There are several websites with free printouts you can use to help your child practice cursive writing:
Handwriting for Kids
Handwriting Worksheets for Print Practice
Handwriting Worksheets Wizard
There's also an excellent site with cursive handwriting lessons and animations that show you child how to write each letter, so he or she can view it as often as needed to help learn how to form the letters:
YoungMinds Handwriting Lessons
All of these (free) sites are listed with links on LearningReviews.com:
Cursive letter formation is easier to learn if you group the letters according to strokes: clock climber letters (a,o,c,d,g,q), swing up and down (i,t,j,r,p,s,u,w,y), loop letters (e,l,f,h,b,k,l) and hills/valleys (m,n,v,x,z). When teaching letter or shape formations, always begin with very large movements on a vertical surface (paper on the wall, chalkboard). We have better motor memory in our large muscles and joints. Use verbal instructions while you model the letter. Have the child repeate the instructions as he writes the letter large. Once a child can write the letter with eyes open and then eyes closed, go to a sheet of paper or workbook. He should have the picture of the letter in his mind, the verbal instructions memorized, and the motor memory in his arm and hand before picking up a pencil. Its easier this way for most kids!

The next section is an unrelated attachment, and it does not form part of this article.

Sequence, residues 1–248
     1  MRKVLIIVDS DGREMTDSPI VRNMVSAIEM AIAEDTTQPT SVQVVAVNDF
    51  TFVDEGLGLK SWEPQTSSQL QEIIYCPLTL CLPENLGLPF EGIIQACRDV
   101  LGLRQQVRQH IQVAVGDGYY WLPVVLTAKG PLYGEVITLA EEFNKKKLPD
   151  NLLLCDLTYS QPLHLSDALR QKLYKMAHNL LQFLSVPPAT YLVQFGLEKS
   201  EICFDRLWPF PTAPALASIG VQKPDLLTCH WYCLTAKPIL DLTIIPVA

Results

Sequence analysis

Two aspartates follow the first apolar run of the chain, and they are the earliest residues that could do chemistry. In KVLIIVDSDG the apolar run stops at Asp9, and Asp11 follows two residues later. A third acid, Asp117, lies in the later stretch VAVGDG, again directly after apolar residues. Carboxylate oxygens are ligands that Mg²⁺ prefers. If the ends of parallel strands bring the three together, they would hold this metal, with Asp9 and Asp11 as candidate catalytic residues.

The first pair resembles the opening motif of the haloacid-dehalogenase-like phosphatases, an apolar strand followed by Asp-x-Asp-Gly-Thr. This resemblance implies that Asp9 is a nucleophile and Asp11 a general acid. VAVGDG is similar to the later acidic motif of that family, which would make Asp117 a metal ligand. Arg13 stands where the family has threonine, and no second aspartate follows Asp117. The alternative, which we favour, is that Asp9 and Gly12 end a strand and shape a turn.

Cursive writing is definitely all about practice, but getting kids to sit down and practice penmanship is not that easy. It's been interesting to note how penmanship has been increasingly taking a backseat as we move towards using the computer keyboard more and more. A good foundation during the early years will help your child develop a neat and legible hand for life, so it's definitely time well spent.